Phishing Incident Response – Human-Verified Phishing Intelligence Meets OSINT
Ransomware, business email compromise (BEC), malware infections, and credential-based theft all stem from a primary vector of compromise – phishing. And no business large or small is exempt!
Any hopes, however remote, that 2016 might bring relief from the troubling phishing trends prevalent in 2015 have been conclusively dashed by a thorough analysis of malware threats in the first quarter of this year. Not only has phishing intensified, but it’s also increasingly used to deliver ransomware.
Global leader in enterprise phishing defense and intelligence unveils highly anticipated update to help organizations resist Ransomware, Business Email Compromise (BEC) and other timely threats
LEESBURG, VA – London, UK – June 8 2016 – PhishMe Inc., the leading provider of human phishing defense solutions, announced today the integration of critical content into PhishMe Simulator™ to help prepare employees for trending phishing attacks and damaging payloads. The Active Threats update allows operators to quickly utilize phishing templates based on current real-world attacks that are targeting organizations, such as Business Email Compromise (BEC) and Ransomware. Simulating these types of attacks ensures users are aware of the new techniques used by phishers and empowers operators with a resource to combat new threats early on.
PhishMe’s Analysis of phishing campaigns, in first three months of 2016, shows an intensified 789% year-over-year spike in malware and phishing threats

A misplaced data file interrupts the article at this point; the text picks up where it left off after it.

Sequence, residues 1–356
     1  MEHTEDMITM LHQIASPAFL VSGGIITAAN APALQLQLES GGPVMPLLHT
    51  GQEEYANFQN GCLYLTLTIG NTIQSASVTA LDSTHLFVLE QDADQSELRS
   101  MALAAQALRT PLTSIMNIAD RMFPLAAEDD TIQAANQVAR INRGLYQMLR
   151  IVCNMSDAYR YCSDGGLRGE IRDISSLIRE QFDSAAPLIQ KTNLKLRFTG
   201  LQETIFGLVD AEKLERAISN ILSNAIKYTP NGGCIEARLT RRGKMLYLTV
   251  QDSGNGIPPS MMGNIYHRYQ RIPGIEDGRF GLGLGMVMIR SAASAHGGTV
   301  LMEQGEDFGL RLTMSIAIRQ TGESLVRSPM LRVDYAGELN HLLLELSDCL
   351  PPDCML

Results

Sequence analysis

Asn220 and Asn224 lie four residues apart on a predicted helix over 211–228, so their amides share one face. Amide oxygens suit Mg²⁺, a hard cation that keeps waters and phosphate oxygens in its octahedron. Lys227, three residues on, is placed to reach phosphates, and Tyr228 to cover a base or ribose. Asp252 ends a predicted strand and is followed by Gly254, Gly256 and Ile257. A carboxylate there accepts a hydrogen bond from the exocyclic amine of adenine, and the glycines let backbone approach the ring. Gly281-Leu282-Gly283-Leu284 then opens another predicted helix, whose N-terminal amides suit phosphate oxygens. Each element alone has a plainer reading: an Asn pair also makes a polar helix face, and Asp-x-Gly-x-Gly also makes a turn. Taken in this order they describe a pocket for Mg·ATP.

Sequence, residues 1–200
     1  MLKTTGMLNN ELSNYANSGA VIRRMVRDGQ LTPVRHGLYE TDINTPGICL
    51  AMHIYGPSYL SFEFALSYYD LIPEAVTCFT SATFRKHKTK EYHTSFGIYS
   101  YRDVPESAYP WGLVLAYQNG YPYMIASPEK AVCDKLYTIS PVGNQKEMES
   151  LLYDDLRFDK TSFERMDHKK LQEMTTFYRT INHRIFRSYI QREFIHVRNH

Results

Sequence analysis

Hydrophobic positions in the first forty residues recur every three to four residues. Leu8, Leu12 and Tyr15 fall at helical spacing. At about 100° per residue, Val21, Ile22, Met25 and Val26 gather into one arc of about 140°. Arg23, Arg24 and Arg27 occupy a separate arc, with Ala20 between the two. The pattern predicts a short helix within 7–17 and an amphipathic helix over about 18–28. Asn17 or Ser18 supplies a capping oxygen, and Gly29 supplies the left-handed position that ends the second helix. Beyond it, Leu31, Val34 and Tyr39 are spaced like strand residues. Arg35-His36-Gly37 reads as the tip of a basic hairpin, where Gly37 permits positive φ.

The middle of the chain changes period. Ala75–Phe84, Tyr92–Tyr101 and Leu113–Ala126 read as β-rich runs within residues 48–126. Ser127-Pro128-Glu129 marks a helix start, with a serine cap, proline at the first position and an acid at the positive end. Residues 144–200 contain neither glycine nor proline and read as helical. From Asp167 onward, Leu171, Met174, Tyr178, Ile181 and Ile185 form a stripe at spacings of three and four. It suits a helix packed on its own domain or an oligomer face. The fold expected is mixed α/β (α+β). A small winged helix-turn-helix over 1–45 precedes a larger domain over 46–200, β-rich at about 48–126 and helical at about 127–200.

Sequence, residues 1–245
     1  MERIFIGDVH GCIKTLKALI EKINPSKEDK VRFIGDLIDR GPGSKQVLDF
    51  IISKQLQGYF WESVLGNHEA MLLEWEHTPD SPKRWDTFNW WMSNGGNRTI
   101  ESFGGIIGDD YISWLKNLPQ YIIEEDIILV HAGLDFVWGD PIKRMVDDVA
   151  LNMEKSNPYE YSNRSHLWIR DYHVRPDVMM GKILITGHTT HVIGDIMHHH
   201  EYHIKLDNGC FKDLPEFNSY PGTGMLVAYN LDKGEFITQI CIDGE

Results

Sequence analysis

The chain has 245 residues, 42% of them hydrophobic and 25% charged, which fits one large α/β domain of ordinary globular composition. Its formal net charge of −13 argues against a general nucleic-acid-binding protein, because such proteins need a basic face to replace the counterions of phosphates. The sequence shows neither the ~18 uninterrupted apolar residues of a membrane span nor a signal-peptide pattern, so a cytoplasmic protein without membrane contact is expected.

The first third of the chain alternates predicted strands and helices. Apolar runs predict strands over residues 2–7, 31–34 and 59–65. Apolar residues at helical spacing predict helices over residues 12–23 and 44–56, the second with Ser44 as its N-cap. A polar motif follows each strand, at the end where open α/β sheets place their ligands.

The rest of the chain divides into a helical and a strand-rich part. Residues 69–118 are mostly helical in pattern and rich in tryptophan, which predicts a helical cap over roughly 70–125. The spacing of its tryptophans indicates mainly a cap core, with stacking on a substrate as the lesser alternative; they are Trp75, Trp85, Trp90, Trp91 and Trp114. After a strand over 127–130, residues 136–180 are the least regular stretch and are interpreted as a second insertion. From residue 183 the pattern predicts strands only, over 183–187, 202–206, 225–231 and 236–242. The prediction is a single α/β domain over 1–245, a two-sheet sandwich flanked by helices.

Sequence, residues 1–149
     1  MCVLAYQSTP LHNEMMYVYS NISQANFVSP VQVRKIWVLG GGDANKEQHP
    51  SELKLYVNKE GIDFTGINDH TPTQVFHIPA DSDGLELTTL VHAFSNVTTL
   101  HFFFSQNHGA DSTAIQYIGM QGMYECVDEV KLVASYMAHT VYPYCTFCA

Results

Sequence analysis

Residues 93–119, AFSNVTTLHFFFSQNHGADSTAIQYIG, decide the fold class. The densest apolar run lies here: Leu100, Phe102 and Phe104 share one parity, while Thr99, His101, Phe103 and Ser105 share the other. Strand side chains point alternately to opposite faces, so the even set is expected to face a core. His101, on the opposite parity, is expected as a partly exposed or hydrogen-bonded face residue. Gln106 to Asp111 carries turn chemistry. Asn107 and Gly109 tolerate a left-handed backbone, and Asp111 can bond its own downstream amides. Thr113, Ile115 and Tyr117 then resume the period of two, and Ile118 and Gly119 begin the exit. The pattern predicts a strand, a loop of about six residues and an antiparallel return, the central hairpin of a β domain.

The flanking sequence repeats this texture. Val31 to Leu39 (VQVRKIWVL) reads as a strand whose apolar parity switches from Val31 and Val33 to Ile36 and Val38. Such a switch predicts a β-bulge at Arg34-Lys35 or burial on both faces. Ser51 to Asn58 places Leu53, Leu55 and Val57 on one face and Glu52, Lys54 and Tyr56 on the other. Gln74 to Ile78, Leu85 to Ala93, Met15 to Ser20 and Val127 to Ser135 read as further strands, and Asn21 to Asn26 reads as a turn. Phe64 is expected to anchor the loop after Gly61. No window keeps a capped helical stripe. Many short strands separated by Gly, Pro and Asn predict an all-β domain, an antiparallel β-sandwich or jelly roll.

Leesburg, (Va. USA) & London (UK) – June 04 2016- PhishMe, a global provider of phishing-defense solutions for the enterprise, today revealed that its analysis of phishing email campaigns from the first three months of 2016 has seen a 6.3 million increase in raw numbers, due primarily to a ransomware upsurge against the last quarter of 2015. That is a staggering 789% jump.
Published today, PhishMe’s Q1 2016 Malware Review identified three key trends previously recorded throughout 2015, but have come to full fruition in the last few months:
Today, our research team released our 2016 Q1 Malware Review, detailing more than 600 Active Threat Reports and the waves of phishing emails that delivered malware to victims across the globe each day last quarter. Among the sea of threats reported, the proliferation of ransomware stood out as one of the most common types of malware used through soft targeting and massively distributed attacks.
In another highly visible ransomware event, Techcrunch recently reported that Congress was warned about ransomware attacks that were impacting the House of Representatives. While ransomware is by no means new, Congress was warned that these attacks were personalized and are specifically targeting third-party email services such as Yahoo or Gmail. Additionally, Congress was warned that their machine could be encrypted by simply clicking the link within the message.
Reuse of infrastructure supporting malware distribution is a well-documented characteristic of online crime and a key way to track and classify threat actors. While it may seem simplistic for monitoring threat actor activities, the IP addresses, domains, hostnames, and URLs contacted by malware tools betray a significant amount of information about threat actor groups. For some malware attacks, it’s possible to determine the threat actor’s identity based on the infrastructure used, but, other times, the lines are blurred because some organizations harbor cyber criminals.